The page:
In late November, the two, along with producer Ko Mori, met with fans to promote their film’s upcoming screenings in Canadian cinemas. From December 5th to the 10th, the film will be showing at the Cineplex at Yonge and Dundas square and the crew hopes it’ll be a big success with moviegoers and Japanophiles alike.
The screening at the JCCC was one of many international showings for the film. One of the first Canadian screenings was held at the Fantasia International Film Festival in Montreal. There the film’s other star, the legendary Seizo Fukumoto, received the prize for best actor and the film won the Cheval Noir award for being the best film in the fest.
Now with news that Uzumasa Limelight is being considered for the Best Foreign Language Film category at the Golden Globes, excitement over its public debut is building. At the gala night, Nikkei Voice had a chance to speak with director Ken Ochiai and actress Chihiro Yamamoto about the process of creating the film and the international attention. But fans also had a chance to hear from Seizo Fukumoto himself.
“I’m happy that Uzumasa Limelight is being screened in Toronto,” Seizo Fukumoto said in a video before the film screened. “This is a unique film, so I hope everyone watches it.”
Ochiai and Yamamoto described what it was like to work with the legendary Seizo Fukumoto, who couldn’t attend the screening due to health concerns. They described him as being gentle and humble.
“In this show business, all the recognition and fame can change people, but he is always, always remains humble and that’s something that I think makes him a role model for me as a filmmaker,” Mr. Ochiai said, expressing his respect for the actor.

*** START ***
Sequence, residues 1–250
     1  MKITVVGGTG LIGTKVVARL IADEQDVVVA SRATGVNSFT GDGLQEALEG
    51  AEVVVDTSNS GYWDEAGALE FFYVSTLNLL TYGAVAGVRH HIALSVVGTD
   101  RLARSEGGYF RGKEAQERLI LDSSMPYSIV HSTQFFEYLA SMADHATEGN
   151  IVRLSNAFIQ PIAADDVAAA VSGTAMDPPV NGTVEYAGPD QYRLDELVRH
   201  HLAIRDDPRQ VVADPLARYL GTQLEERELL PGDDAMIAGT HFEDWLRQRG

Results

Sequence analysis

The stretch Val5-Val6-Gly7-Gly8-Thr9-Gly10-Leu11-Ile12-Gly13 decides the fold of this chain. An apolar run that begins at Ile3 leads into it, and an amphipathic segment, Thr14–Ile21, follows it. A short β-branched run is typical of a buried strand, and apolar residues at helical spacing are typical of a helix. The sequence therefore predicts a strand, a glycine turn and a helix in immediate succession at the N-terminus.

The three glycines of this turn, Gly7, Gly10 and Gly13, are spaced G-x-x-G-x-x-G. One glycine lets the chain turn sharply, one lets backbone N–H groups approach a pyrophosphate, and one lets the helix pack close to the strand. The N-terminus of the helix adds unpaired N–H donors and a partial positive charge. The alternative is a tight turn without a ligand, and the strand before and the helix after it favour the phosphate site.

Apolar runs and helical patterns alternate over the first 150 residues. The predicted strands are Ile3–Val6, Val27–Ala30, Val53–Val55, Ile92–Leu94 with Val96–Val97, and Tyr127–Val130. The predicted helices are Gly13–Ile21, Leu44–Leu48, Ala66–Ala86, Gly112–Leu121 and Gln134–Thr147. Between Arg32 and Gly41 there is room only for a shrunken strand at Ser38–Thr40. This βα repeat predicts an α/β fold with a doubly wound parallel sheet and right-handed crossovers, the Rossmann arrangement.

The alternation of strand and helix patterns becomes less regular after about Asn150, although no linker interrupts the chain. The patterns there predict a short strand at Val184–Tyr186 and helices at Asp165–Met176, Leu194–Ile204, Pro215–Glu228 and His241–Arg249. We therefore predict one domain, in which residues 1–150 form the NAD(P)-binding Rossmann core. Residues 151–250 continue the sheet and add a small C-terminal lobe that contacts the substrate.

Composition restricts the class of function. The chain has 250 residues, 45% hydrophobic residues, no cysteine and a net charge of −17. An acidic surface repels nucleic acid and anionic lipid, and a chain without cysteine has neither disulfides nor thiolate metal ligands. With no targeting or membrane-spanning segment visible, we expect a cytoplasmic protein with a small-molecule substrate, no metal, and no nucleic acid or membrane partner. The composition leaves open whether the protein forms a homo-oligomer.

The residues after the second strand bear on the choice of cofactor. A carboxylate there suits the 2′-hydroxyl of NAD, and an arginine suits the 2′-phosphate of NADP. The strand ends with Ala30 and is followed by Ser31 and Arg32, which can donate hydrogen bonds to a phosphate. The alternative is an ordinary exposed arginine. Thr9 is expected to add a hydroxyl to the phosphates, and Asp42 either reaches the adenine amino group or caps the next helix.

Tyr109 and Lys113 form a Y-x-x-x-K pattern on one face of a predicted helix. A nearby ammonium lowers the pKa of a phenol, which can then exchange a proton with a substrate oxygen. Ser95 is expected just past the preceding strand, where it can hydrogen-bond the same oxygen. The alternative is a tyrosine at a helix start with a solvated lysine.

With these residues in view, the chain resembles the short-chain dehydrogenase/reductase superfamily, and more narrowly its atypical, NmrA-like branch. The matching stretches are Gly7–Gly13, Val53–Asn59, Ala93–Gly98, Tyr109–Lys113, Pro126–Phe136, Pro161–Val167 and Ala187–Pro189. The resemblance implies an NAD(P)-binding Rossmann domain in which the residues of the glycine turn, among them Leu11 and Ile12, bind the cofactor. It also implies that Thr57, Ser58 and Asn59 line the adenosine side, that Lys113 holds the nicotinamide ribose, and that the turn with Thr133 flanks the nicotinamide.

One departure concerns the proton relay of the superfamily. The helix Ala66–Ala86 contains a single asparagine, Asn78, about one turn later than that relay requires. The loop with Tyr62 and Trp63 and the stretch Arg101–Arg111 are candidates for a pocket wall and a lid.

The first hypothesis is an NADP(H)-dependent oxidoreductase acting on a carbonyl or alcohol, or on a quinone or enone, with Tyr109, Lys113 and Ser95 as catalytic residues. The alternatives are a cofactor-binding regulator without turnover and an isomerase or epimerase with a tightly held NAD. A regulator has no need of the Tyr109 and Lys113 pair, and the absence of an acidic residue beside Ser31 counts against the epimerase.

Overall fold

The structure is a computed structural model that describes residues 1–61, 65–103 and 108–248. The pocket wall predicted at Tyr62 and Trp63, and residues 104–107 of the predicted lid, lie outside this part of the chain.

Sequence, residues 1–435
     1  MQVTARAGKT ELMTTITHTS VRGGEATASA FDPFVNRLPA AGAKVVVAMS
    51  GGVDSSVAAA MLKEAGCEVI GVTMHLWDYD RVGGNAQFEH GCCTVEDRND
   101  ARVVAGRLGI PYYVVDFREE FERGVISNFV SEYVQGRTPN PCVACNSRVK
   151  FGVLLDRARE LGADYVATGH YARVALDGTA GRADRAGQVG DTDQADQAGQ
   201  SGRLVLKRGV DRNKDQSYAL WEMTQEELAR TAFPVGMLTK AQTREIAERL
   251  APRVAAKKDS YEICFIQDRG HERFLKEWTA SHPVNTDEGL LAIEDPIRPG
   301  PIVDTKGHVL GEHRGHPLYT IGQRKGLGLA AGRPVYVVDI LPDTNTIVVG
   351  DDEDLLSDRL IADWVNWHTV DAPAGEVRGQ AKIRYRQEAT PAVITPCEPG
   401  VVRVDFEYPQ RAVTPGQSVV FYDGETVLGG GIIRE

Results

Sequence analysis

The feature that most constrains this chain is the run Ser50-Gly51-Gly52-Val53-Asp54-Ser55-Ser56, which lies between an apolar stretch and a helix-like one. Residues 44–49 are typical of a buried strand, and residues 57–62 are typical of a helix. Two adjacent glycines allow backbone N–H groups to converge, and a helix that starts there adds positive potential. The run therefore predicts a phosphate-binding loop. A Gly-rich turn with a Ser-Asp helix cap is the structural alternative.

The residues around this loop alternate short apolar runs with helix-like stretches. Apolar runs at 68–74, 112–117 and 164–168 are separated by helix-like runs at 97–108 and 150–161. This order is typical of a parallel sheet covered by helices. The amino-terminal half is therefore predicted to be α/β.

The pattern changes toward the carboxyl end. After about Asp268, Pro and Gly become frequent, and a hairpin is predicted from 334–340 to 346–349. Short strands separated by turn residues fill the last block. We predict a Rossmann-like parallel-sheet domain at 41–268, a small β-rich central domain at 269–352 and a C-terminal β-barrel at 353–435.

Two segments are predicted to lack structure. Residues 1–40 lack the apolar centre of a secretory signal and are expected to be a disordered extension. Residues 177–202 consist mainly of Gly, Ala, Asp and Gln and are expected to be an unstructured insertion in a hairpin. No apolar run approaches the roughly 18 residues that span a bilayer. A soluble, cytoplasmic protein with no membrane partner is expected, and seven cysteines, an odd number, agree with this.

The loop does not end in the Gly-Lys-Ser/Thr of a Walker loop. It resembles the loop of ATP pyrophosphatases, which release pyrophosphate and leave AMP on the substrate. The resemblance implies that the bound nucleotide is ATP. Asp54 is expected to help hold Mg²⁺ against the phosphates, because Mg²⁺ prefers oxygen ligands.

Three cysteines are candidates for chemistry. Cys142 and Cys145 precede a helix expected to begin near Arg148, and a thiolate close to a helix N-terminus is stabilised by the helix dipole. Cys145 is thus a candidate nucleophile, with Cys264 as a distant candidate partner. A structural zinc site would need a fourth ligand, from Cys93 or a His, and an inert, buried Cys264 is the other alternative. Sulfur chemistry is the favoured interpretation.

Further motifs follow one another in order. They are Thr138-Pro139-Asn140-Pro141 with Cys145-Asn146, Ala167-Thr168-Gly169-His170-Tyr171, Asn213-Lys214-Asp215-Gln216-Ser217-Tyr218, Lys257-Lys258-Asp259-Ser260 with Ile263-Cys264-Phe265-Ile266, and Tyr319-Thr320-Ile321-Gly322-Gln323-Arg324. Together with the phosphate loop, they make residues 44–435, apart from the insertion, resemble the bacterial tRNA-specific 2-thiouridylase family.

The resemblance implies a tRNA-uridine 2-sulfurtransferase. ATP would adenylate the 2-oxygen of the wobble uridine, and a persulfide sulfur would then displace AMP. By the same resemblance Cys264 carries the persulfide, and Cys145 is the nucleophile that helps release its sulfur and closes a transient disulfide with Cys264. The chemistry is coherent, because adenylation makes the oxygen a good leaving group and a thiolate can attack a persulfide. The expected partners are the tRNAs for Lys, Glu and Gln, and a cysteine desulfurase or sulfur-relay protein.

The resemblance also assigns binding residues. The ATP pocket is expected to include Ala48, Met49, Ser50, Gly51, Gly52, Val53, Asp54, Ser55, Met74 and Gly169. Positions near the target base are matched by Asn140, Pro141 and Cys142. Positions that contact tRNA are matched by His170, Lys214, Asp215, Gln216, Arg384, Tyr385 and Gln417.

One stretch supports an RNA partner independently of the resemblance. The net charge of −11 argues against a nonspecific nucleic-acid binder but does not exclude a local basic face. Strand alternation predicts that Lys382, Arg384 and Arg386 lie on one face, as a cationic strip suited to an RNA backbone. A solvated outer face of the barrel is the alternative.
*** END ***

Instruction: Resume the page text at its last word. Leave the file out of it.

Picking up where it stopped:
“When I saw him in films or in anything else, he always has these scary eyes and menacing look,” Chihiro Yamamoto told Nikkei Voice. “I think you know the look, but he was quite the opposite when I met him.”
“He is kind and humble even during shooting and outside of the studio,” Yamamoto said. “I’m learning Tate once a month from him even now, and he really is a gentle man. He’s close to my grandfather’s age, so he always treats me like his own grandchild.”
At the night, Yamamoto and Ochiai were are also there to spread some love for Jidaigeki. The term which describes samurai period dramas both played on television and acted out on stage is one of the main reasons why the film takes on Charlie Chaplin’s film Limelight as a central theme.
Much like how Chaplin’s character the film saves a young actress from suicide and helps her win back her self-esteem, Fukumoto’s character is trying to save this lost art form by passing it onto the younger generation, portrayed by Chihiro Yamamoto in the film. The film’s cast and crew hope to revive Jidaigeki and point the recent success of films like Ruroni Kenshin as signs that it could make a comeback.
“Especially for teenagers, people might not know what Jidaigeki is,” Yamamoto said. “In fact, I was one of them before starting to shoot, but having this chance to star in Uzumasa Limelight, I learned a lot about Jidaigeki and Uzumasa.”
“I felt that Uzumasa Jidaigeki is the pride of Japan and should be spread out into the world again,” Yamamoto said. “I’m very interested in Jidaigeki now, but it didn’t interest me much when I was young. I hope the younger generations can help spread Jidaigeki.”
Yamamoto is also a world class martial artist and this is her debut film.
The venue at JCCC had approximately 400 people in attendance. They enjoyed the film and the post-screening Q&A session and sake and sushi reception.
In the Q&A session, Mr. Ochiai explained that Mr. Fukumoto has his wife and grandchildren unlike the lonely man portrayed in the film, so he has support at home as many worried about him being unable to attend due to his health.
Halina Terefenko, who is a dentist from Portland, Ont. drove over 2 and a half hours to watch the film. She loved the movie and said that Uzumasa Limelight made her empathize with Seizo Fukumoto’s character and the worries he has in life.
Luckily, you still have a chance to watch this fine film at the theatres. It will be on screen at Cineplex Cinemas at Yonge and Dundas from December 5th to the 10th. For more information, visit uzumasalimelight.com.
Edit: The film is currently being considered for a nomination.
Featured image: From left to right, Ken Ochiai, Chihiro Yamamoto, and Ko Mori on the red carpet at the screening.